cL xD4. however. especially D. The increase in cell by vigorous aeration. the detector at 235°C.3- propanediol was accomplished using a Finnigan 4000 _ 'mw I- 20 gas chromatograph-mass spectrometer data system :z with a Tekmar accessory (Finnigan/MAT Co. growth rates and the glycerol yield (per which point growth was inhibited. and the culture was mixed low division rate (Fig. the initial pH was ca. which was cultivation. each bacterial strain was transferred several times in Tables 1 and 2 provide a general overview of an algal extract-glycerol broth containing a 10-fold concentration of algae and 2% glycerol.1018 NAKAS ET AL.2 M NaCl. Algae were analyzed for cell count micro. Protein was analyzed by the procedure of NaCl. growth rate. 5. allowing for maxi- mixture (8) supplemented with a 10-fold increase in mum glycerol synthesis and biomass produc- FeEDTA resulting in a final concentration of 15 mM tion.. Dunaliella as potential substrates for subsequent tertiolecta after 5 days of growth. scopically with a standard hemacytometer. it was important to de- mM KH2PO4. with optimum salt concentration for comparison of an initial pH of 7. MICROBIOL. APPL. Mich. The temperature was main.8). 185°C. 0. apparently the result of a from two sides with 10. Norwalk.). 24 mM. 1. 0 Conn.0 within 3 to 5 days and finally reached 9. medium and algal performance are shown in Fig. E 8.5 mM CaCl. .40 quantification was achieved by internal standardiza. 0 _2 LO cl _Z _ sion in distilled water.0 Solvent analyses. with C02-enriched air (3% C02).). Cell densities of the medium contained 2 mM NaHCO3 and was sparged rapidly growing species. salina. The identification of 1. The gas chromatograph was coupled to a Varian CDS-111L chromatography data system. D. some reduction of growth Arnon (2). reached reasonable cell densities only All bacterial cultures were maintained on slants of after 12 days. La San Jose. Analyses were performed on a model 2400 Var- ian gas chromatograph (flame ionization detector) with the column temperature at 190°C. was provided by preliminary data. tion with ethyl acetate. 4-- ous-flow centrifugation at 1. _- O u i. 5 mM MgSO4.). containing 2 M NaCl.5. Bellefonte. 1). essential for rapid growth. Calif. (14). The pH rise was generally proportional to the The more slowly growing species. Inc.500 x g in a Sorvall RC2. the injector at 60 . 2 M NaCI was selected as the the addition of sodium bicarbonate (ca. 12. 0.. From these source. The cultures were therefore tested tryptic soy agar (Difco Laboratories. and . This alga grew adequately in 0.) on days 5 and 12 and harvested after 12 days of except for the C. the glycerol content was carried out in a 100-liter aquarium illuminated per cell increased. as modified by Potty (19). the volume) were optimal.2 to 1. a- raphy with a stainless steel column (1.. Detroit. and a micronutrient termine growth conditions. Effect of NaCl concentration on (A) cell Algal growth studies. Here. Since the purpose of this population density (0) and glycerol content per cell project was to compare five species of the genus (x) and (B) total glycerol production per liter by D.6 M phyll content was determined by the procedure of NaCl. at tration. L 1 2 3 4 RESULTS NoaC Concentration (M) FIG. with. tertiolecta and D. The rapidly growing species main- kept as a spore inoculum over sterile soil. Alternately. 5 mM KNO3. cIV L. Inoculations some characteristics of the five species exam- were adjusted to a final volume of 10% of the fermen- tation mixtures.000 to 15.0 and reached pH 8..82 m by 0. Enrichment with a carbon size was observed microscopically. pasteurianum culture. Pa.000 lx on each side (measured at the surface). ENVIRON.1 bacterial fermentations. Algae were harvested by continu. which in turn was related to a tained between 27 and 30°C. Inc. For D. were near maximum after 5 days. Before tained their maximum cell numbers over the 12- inoculation into unsupplemented algal concentrates. The pH of the solution increased the five Dunaliella species. At this NaCl concen- to 9. whereas the protein content remained Lowry et al. The glycerol content were measured by the method of Ben-Amotz and (per cell) increased linearly between 0. and the carrier gas at 30 ml/min. tertiolecta. and concentrates were prepared by suspen.0 at the end of primolecta.2 and 2 M Avron (4). larger cell size. This increased concentration was relationship between NaCl concentration in the found to be necessary for the nonmarine species of Dunaliella. details of the Fe (Dun medium). unchanged. 1.31 cm) packed with Porapak Q (Supelco Inc. day period. Solvent determinations were performed on culture supernatants by gas chromatog. In this treatment. All fermentations were conducted in 125-ml Erlenmeyer flasks (100-ml volume) for 5 days at 30°C. Chloro. B refrigerated centrifuge (Ivan Sorvall. Glycerol content and glycerol utilization at a 2 M concentration. These relationships shifted dramati- Laboratory-scale mass culture of all algal species cally at 3. 12 days.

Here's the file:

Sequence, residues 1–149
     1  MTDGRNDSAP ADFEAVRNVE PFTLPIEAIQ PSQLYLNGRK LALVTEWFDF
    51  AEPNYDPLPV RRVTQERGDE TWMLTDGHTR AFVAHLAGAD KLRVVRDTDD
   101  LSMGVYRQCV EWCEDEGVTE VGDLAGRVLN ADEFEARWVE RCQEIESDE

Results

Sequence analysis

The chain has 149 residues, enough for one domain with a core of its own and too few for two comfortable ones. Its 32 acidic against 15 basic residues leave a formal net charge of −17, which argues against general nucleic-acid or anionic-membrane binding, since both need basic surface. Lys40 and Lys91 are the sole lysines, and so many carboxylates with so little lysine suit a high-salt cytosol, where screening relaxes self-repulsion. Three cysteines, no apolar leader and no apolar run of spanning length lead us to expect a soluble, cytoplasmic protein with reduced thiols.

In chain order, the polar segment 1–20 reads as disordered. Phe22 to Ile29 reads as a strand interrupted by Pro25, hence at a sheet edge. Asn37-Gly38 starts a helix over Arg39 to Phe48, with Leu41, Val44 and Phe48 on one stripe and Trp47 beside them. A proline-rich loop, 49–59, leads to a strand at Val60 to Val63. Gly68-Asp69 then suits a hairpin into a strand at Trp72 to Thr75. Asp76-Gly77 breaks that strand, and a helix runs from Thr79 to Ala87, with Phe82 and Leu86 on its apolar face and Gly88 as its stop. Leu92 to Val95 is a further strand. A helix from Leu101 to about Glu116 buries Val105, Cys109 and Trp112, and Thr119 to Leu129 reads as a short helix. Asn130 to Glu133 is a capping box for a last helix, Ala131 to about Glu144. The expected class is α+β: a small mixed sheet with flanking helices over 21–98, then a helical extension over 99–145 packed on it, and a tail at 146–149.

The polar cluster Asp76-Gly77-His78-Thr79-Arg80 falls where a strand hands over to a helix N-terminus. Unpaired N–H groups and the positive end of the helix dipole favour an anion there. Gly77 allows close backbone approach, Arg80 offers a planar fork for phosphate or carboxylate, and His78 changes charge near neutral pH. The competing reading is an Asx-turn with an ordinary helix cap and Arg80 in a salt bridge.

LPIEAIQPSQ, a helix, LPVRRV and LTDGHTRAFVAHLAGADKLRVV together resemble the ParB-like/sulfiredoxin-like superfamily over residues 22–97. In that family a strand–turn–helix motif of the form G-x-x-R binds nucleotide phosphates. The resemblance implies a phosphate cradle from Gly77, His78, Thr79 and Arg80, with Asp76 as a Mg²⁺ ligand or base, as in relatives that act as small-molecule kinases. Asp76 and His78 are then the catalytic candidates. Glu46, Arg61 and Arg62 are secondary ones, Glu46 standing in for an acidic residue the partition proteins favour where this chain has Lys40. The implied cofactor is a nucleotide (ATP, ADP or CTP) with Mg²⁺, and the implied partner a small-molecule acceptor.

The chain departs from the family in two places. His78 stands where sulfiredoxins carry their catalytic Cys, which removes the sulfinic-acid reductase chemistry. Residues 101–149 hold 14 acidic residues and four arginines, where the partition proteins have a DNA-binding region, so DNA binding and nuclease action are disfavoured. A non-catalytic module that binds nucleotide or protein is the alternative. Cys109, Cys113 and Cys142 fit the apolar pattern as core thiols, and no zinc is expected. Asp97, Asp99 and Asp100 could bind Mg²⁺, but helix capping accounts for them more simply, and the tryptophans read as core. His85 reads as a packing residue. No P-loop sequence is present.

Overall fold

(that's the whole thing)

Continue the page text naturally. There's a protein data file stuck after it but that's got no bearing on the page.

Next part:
77 0.8 0.63 D. lecta due to an elevated cell density. trates of D. glycerol. a greater yield of potentially fer. D. salina 0. protein. tertio.0% ture medium. However.VOL.8 D.99 10.4% total solvents after fermentation.1 0. D.6 15. densities were slightly higher. Such concentrates are viscous as the both media.00 4. result of high polymer content but were found to The data presented in Table 2 lists the glycer.53 6. and this substrate level was poorly in the C02-sparged medium and pro.0%) but produced the highest distribution into medium. tertiolecta and D. 300-fold concentrates of duced the lowest glycerol yield of all cultures in the algae.30 1.45 2. biomass resulted in less total solvent production When 3% CO2 was bubbled through the growth (1. Although D. and the resultant total glycerol The fermentation of D. mately twice the protein when compared with plied with 3% CO2 was more rapid. be acceptable for flask fermentation. salina increased butanol. with butanol comprising approximately mentable carbon was obtained from D. Composition of 300-fold concentrates of five Dunaliella species grown in Dun medium with 24 mM NaHCO3 or 3% CO2 as a carbon source Composition per ml of concentratea Species Glycerol (mg) Protein (mg) Chlorophyll (mg) NaHCO3 CO2 air NaHCO3 CO2 air NaHCO3 CO2 air D.5 12.94 7.2 D.74 5. In the first series of experi- yields of glycerol per milliliter of culture medium ments.5 3.86 8.13 9. salina cell ucts. parva 2.6 7. salina 1. When grown with 3% be comparable to those obtained with carbohy- TABLE 2.80 0.8 9. D. parva yield was only half the level of the other algae. salina. pasteurianum was studied as a function of The highest cell density was exhibited by D.58 2.90 4. Except for D. by almost fourfold. bardawil 0. D. tertiolecta was used in most later yielded 1% total solvents in the fermentation fermentation linkage feasibility and optimization broth.98 1. primolecta 2. In bicarbonate medium. ined in 24 mM bicarbonate or in 3% C02.2 3.3 22.5 1.2 2.79 19.6 0.10 D.7 21.30 D. but the total glycerol yield Solvent yields were substantial at a 1% glycer- increased by only 20%.9 12. overall Fermentations.0 0.9 D.6 D.23 21.77 4. 46.83 5. growth in media sup. the cell density of D. by C. respectively. 1983 PRODUCTION OF SOLVENTS FROM ALGAL BIOMASS 1019 TABLE 1. D. however.96 5.77 2. The solvent yield var- tertiolecta in both 3% CO2 medium and the ied both with algal species and with glycerol bicarbonate medium (Table 1).9 4. tertiolecta produced equivalent (>16 g/liter) was obtained using 10-fold concen- amounts of glycerol per milliliter of either cul. the algae grown with concentration of the cellular photosynthate to bicarbonate produced comparable amounts of achieve subsequent solvent yields which might all three components.08 21.17 3. and final cell other Dunaliella species. parva as the fermentable substrate reason.6% bardawil and D. For this using D.36 8.75 and 0.38 1.53 6. tertiolecta 5. species tested.57 1. Also. C02. parva 4. The highest solvent yield of 1.5 a 5 Cell densities were obtained after days of growth (8 days for D. salina) in 100-liter aquaria.30 1. 0.26 1.70 1. the fermentation of Dunaliella biomass were almost identical.43 3. salina both yielded in counts were the lowest of all five Dunaliella excess of 1.06 4. parva grew ol supplementation.43 3.28 6.55 D. tertiolecta 2. Comparison of five Dunaliella species grown in Dun medium with 24 mM NaHCO3 or 3% CO2 as a carbon source Cell no a (106/ml) Glycerol (pg/cell) Chlorophyll (pg/cell) Glycerol (mg/liter of Species ___________ __________ __________ culture medium) NaHCO3 CO2 air NaHCO3 CO2 air NaHCO3 CO2 air NaHCO3 CO2 air D.25 13. bardawil 5. added glycerol (Table 3). half of the fermentation products. . found to occur in Ca.6 0.36 18. and chlorophyll contents of algal The use of algal biomass and accumulated concentrates grown with bicarbonate versus 3% glycerol as fermentation substrate necessitates CO2. bardawil supplemented with 4. However.52 19. concentration.61 5. with butanol comprising 93% of the prod- studies.1 1.24 4.15 4. primolecta and D. primolecta 5.58 a Normalized to a 300-fold concentrate of the original culture. Generally.94%.94 6.18 3. bardawil produced approxi- respectively. ol.60 27.